History of Libraries in Clark County, Indiana
1986 marked a milestone in the history of library services in northern Clark County. Although libraries in some form existed quite early, countywide service has been available only since 1977. The completion of three new libraries in Borden, Henryville, and Sellersburg and an addition to the Charlestown Library finalized a building program that provided the New Washington Library in 1984. Now county residents may enjoy permanent, convenient library facilities and services.
Several private, community, and subscription libraries preceded the township libraries of Clark County. The Websterian Social Library opened in 1836. Located at the Websterian School five miles from Charlestown, it served residents of Charlestown and Monroe Townships. In the 1850's, a Workingman's Institute and Library was established in Charlestown. Its collection was available to members of the organization. The Louisville Cement Company maintained a library at the Speed Community Building. Its collection served company employees and their families. The town of Borden also had a community library.
In 1852 an Indiana state law provided that public libraries could be established and maintained in each county. These first libraries often shared offices and space with township trustees. The township library in Jeffersonville began in the 1890's in the trustee's office. In 1900, the Jeffersonville Township Public Library was established. An Andrew Carnegie grant financed the Jeffersonville Carnegie Library, which opened in 1903 at Warder Park. The present location for the Jeffersonville Township Public Library on Court Avenue was completed in 1970. Clarksville is part of Jeffersonville Township and its system. The Greentree Branch was established with an LSCA Grant and the facility on Eastern Boulevard at Triangle Drive was completed in 1993. Through a Reciprocal Borrower's Agreement, all Clark county residents may use any library in Clark County as well as many other libraries in the state of Indiana.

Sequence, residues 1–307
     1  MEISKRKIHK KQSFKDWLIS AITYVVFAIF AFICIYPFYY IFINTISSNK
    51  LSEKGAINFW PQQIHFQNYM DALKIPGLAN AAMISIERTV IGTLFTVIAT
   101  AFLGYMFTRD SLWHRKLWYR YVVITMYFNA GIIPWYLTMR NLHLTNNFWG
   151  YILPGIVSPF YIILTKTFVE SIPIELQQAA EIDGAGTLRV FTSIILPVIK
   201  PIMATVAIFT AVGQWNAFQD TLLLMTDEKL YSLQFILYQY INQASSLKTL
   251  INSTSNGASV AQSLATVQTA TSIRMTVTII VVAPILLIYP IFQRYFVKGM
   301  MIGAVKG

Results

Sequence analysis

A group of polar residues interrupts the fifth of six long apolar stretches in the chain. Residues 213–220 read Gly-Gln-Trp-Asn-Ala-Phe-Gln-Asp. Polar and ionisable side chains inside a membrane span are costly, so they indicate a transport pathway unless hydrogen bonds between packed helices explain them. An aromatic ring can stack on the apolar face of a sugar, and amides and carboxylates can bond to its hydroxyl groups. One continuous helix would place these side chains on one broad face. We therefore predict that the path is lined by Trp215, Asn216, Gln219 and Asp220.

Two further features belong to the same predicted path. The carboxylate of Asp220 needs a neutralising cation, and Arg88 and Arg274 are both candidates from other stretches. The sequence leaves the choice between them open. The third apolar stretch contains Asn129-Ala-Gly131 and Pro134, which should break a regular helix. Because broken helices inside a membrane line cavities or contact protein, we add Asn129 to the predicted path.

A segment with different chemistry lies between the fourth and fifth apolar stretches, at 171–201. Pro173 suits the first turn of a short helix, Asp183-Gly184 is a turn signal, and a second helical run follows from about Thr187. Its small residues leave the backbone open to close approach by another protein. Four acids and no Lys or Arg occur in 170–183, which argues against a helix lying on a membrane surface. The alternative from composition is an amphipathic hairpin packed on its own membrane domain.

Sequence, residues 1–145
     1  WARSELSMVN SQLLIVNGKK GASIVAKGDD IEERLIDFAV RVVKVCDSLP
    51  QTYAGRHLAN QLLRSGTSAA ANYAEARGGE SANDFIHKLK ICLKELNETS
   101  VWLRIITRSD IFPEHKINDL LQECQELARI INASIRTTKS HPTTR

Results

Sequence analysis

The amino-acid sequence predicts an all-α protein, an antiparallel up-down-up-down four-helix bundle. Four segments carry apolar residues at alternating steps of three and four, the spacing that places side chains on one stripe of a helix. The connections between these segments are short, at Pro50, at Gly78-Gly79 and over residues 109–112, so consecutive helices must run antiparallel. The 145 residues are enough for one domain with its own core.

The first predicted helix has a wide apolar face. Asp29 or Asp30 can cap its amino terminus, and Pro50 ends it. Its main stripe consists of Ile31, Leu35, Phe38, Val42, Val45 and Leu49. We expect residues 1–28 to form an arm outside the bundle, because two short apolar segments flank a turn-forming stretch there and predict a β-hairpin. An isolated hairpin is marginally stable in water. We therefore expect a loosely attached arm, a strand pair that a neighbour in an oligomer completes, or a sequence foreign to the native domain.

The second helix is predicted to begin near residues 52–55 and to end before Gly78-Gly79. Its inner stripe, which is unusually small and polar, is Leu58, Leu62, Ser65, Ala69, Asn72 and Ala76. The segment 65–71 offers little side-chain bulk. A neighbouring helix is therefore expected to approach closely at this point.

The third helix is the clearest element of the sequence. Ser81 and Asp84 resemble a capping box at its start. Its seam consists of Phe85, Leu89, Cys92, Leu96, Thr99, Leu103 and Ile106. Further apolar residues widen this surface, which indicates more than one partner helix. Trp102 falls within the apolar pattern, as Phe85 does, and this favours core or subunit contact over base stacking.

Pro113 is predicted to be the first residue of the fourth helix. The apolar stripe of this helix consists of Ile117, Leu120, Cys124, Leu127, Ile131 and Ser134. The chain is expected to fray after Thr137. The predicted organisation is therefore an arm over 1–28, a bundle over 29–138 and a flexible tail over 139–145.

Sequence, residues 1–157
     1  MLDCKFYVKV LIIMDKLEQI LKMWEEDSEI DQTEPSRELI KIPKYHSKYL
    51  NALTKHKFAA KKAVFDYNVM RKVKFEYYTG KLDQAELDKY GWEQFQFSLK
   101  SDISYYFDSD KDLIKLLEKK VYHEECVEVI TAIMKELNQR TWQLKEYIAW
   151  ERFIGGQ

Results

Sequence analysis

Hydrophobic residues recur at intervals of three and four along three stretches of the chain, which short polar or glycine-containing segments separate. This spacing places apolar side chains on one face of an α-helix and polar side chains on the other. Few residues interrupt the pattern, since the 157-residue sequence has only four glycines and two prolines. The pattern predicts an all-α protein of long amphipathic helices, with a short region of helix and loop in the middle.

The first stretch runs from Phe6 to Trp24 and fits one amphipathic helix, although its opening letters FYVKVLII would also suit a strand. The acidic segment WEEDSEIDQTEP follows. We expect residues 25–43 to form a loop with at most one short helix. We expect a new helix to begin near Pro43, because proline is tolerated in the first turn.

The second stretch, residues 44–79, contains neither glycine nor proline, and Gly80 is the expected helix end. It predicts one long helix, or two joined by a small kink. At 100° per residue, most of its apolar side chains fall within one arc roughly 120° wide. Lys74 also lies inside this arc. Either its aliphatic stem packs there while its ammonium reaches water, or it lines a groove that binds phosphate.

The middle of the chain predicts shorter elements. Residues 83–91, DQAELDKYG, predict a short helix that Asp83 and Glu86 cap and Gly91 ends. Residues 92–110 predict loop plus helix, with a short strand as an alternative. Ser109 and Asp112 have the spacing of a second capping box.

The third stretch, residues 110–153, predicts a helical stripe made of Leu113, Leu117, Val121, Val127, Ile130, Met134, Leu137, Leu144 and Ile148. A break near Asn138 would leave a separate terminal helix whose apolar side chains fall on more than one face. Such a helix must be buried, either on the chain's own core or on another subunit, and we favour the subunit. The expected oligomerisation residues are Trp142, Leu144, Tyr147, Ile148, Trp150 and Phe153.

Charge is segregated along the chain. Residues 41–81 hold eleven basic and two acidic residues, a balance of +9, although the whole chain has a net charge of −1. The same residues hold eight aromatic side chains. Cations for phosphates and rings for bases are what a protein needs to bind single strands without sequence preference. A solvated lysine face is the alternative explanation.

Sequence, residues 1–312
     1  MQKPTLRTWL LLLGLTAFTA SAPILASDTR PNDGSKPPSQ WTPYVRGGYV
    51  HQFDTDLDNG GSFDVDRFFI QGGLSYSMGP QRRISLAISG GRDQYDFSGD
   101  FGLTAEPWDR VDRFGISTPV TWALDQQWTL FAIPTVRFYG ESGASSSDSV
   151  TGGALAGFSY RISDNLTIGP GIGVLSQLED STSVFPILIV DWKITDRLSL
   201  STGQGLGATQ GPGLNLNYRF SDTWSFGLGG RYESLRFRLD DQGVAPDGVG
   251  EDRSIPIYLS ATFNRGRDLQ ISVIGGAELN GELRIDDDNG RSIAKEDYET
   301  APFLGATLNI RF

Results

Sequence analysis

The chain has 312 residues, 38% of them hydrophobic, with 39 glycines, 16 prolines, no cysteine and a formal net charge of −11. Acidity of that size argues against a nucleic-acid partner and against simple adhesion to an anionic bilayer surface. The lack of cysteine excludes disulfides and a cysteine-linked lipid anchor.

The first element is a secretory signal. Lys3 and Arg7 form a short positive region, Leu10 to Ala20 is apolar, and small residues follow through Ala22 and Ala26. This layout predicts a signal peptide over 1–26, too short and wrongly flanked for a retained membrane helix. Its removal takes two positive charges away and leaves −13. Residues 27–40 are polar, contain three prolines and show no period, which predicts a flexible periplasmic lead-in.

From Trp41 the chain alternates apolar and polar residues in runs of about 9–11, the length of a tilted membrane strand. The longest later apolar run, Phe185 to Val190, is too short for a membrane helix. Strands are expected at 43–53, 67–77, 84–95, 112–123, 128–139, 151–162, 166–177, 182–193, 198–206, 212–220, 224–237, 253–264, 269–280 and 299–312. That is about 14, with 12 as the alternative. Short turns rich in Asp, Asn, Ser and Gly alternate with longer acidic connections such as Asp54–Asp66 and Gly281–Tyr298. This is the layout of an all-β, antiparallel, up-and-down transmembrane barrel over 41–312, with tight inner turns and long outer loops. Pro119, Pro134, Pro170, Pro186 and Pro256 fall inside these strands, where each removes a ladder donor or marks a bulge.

About 1907, a library began operation in the Charlestown Township Trustee's office. The library remained there for nearly sixty years. In 1966 the Charlestown Township Library was officially formed under the 1947 Indiana State Library Law. An appointed volunteer seven-member board governed the library. The library board set, as its primary goal, the construction of a permanent library building. In 1970, the Charlestown Library Improvement Fund was established for the new library. A site adjacent to the Jonathan Jennings Elementary School was donated by the Greater Clark County School Board. Construction began in February of 1973, and the new building was dedicated on February 9, 1975.
In 1977, the Charlestown Township Library received a Library Services and Construction Act Grant to purchase a bookmobile and to establish branch libraries in Borden, Henryville, New Washington, and Sellersburg. A recreational vehicle was converted into what was labeled a "mini bookmobile with maxi service." The bookmobile was to serve all Clark County areas not within immediate range of a library. Various stores and business spaces were rented to house the small branch libraries. Borden's library was located in an unused section of the Carpet Fixer's store. Henryville's services were in the former Ruth's Yarn Shop. The New Washington Library settled into an old restaurant. Sellersburg's library set up in a storefront on Helbig Avenue. During the next nine years, each branch relocated at least three times.
1977 marked another library innovation. The Heritage Hills Area Library Services Authority (HHALSA) was formed. The organization provided cooperative library services to Southern Indiana. In 1979, the HHALSA services in Southeastern Indiana were consolidated to become Southeastern Indiana ALSA. Services provided by SIALSA include reference referral, inter-library loan, and continuing education for library employees and trustees. Interlibrary loan functions allows the loan of materials between libraries throughout the United States.
When the Charlestown Township Library's federal grant expired in 1980, the library board was faced with two options. It could either form a new library district which would encompass all of Clark County (except Jeffersonville Township), or it could abandon the demonstration project. With nearly 4,000 newly registered library users in three years, the board decided to form a new district. Continuation of the branch libraries and bookmobile hinged upon the Clark County Board of Commissioners' decision to approve a new property tax levy. At their February 1979 meeting, the commissioners refused to approve the levy and the branch libraries were faced with the threat of closure.